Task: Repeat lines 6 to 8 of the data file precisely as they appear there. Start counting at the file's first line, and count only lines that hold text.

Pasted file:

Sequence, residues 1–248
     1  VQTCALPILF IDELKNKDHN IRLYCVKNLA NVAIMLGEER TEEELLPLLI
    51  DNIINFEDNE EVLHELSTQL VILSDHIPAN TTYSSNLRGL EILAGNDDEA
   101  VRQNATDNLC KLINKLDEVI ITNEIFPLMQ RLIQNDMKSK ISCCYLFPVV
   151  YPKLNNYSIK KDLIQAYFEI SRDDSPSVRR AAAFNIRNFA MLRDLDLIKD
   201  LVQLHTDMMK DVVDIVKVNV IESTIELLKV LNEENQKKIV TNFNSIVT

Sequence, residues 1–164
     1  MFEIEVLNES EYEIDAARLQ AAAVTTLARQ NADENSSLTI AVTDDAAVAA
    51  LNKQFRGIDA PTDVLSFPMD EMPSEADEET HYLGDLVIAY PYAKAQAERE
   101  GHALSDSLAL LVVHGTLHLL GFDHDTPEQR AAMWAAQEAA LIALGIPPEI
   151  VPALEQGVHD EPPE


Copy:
   201  LVQLHTDMMK DVVDIVKVNV IESTIELLKV LNEENQKKIV TNFNSIVT

Sequence, residues 1–164
     1  MFEIEVLNES EYEIDAARLQ AAAVTTLARQ NADENSSLTI AVTDDAAVAA